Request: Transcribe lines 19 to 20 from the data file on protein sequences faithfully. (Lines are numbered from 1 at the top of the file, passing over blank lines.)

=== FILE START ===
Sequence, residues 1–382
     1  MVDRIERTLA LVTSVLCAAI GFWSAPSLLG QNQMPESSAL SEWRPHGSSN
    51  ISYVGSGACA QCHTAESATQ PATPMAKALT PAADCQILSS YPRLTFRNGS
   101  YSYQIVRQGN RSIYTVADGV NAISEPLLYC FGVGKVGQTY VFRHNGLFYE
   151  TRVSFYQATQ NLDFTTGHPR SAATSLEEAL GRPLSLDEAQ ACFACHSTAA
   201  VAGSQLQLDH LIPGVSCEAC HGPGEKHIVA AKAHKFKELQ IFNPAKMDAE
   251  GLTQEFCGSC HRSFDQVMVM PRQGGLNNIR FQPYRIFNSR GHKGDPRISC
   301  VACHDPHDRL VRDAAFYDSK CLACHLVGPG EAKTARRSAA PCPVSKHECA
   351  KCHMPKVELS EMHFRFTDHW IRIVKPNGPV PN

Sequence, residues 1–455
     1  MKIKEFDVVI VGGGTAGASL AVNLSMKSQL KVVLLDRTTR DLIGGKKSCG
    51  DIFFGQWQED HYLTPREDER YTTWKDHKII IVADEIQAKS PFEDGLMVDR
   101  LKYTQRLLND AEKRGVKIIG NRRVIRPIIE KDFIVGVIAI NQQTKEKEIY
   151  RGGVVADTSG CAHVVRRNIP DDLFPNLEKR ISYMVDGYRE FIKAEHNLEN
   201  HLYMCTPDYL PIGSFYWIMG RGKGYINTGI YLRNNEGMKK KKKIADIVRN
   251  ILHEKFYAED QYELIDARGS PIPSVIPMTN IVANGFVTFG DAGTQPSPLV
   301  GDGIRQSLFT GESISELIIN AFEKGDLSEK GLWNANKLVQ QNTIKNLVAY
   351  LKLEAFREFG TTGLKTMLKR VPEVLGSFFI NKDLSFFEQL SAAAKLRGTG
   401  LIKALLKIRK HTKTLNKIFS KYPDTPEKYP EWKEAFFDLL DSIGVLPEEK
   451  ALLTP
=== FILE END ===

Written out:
   401  LIKALLKIRK HTKTLNKIFS KYPDTPEKYP EWKEAFFDLL DSIGVLPEEK
   451  ALLTP